Whether in Oklahoma, Texas or elsewhere, allowing politicians to trample women’s rights by shutting down clinics is not only wrong–it’s dangerous. Today’s decision is a victory for Oklahoma women and another rebuke to politicians pushing underhanded laws that attack a woman’s constitutionally guaranteed right to safe, legal abortion. We will continue to stand with Oklahoma women in beating back these relentless political schemes designed to make the right to safe, legal abortion a right that only exists on paper.

That victory may be short lived, however, according to a new report by Americans United for Life. In its recently released Unsafe: How The Public Health Crisis in America’s Abortion Clinics Endangers Women, AUL addresses the potential public health crisis in light of the Hellerstedt ruling:

Moreover, with the Supreme Court’s recent decision in Whole Woman’s Health v. Hellerstedt, prioritizing “mere access” to abortion facilities and abortion industry profitability over women’s health and safety, we can expect the problems may get worse. It will certainly get worse unless pro-life Americans and their representatives take immediate action to confront and remedy the abortion industry’s dangerous practices and the rejection of medically appropriate health and safety standards of patient care.  .

The AUL report then tells of horror stories that happened when doctors don’t have admitting privileges, such as the case of Dr. Steven Brigham, an infamous abortionist without admitting privileges. His failure to obtain privileges contributed to a teenage patient being “seriously damaged” by Brigham’s crimes. As AUL reports,

In November 2014, the New Jersey Board of Medical Examiners found Brigham guilty of several counts of gross negligence, “dishonesty, deception or misrepresentation,” and “professional misconduct.” The Board concluded that Brigham engaged in the unlicensed practice of medicine in Maryland and noted that “every patient treated in New Jersey by Dr. Brigham was placed in harm’s way” by his illegal practice. The Board further concluded that Brigham’s patients “were further exposed to substantial risk of harm because Dr. Brigham held no hospital or [licensed ambulatory care facility (LACF)] privileges…” Lacking privileges meant that Brigham “had nowhere in New Jersey (or any other state) where he could go to complete the termination procedures in the event of any emergency or unforeseen complications.” The Board found that Brigham had no contingency plan for his patients “beyond possibly assuming that the patient would then be rushed to a hospital emergency room and have their care (and presumably their abortion procedures) completed by a physician who had no relationship with Dr. Brigham or the patient.” (Page 11)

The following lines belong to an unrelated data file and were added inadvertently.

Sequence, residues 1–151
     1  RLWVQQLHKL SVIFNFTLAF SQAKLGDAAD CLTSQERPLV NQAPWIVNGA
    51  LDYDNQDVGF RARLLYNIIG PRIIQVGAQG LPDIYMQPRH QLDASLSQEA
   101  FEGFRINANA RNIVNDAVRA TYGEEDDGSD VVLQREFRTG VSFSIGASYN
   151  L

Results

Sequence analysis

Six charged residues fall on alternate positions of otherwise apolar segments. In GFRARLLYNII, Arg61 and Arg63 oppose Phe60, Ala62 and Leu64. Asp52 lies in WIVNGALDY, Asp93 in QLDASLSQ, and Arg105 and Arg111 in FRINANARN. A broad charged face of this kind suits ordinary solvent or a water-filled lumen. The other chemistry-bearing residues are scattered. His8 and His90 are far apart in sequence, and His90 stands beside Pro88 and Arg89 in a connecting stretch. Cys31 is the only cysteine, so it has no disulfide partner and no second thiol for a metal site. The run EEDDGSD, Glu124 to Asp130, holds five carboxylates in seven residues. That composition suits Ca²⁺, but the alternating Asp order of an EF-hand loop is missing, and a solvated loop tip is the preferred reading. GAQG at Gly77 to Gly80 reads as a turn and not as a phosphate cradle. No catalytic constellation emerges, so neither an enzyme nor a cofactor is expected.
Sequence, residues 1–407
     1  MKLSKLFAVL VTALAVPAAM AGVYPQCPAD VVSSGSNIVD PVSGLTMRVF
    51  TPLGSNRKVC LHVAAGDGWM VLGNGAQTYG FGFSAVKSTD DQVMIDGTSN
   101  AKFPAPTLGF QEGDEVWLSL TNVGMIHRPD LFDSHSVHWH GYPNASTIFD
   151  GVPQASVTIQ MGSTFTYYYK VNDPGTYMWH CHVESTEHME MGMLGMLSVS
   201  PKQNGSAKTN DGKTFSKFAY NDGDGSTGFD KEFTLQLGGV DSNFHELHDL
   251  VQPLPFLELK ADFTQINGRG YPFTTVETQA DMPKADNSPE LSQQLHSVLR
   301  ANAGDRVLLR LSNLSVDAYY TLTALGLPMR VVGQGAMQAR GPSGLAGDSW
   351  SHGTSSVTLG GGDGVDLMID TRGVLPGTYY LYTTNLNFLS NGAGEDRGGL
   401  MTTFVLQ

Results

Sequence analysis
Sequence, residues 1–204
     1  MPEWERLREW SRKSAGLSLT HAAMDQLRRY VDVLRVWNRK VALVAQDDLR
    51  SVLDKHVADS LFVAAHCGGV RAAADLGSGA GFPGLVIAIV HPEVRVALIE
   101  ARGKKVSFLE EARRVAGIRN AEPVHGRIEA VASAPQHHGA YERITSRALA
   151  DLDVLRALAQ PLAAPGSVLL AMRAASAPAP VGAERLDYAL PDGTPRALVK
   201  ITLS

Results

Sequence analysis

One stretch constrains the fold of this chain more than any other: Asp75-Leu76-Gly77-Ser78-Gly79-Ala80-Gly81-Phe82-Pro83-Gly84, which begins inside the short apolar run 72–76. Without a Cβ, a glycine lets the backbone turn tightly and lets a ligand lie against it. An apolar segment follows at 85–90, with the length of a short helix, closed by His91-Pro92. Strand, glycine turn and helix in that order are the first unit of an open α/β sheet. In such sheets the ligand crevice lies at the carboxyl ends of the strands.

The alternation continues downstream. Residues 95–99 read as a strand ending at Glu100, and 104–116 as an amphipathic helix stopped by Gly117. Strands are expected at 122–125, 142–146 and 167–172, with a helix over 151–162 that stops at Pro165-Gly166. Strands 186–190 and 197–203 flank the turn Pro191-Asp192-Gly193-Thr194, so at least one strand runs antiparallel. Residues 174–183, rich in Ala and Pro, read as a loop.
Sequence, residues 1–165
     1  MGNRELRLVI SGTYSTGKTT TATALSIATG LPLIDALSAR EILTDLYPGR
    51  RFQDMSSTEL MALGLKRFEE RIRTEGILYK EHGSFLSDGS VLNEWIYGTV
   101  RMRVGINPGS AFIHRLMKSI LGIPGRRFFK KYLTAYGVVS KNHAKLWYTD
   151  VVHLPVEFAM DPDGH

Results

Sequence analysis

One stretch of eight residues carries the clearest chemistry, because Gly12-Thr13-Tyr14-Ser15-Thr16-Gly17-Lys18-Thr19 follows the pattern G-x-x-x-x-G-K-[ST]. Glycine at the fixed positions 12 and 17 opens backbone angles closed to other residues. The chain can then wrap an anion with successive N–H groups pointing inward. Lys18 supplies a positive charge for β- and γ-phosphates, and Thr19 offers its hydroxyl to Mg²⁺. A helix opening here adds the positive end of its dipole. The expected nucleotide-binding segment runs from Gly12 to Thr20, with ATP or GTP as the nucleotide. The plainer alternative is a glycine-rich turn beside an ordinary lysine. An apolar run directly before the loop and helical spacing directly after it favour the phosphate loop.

Thanks to Burns, women in Oklahoma are now at more serious risk should they decide to have an abortion. While many abortions may not have medical complications, apart from the obvious destruction of a unique human life, dangerous and life-threatening situations — such as the Brigham case and others discussed in the AUL report — are reality. Women choosing abortion also choose to take a risk to be the next medical statistic of tragedy when they entrust their care to physicians who are not even board-certified in OB/GYN medicine and could not be admitted to a hospital if a complication occurred.

The state of Oklahoma has now helped to endanger abortion-minded women with its ruling.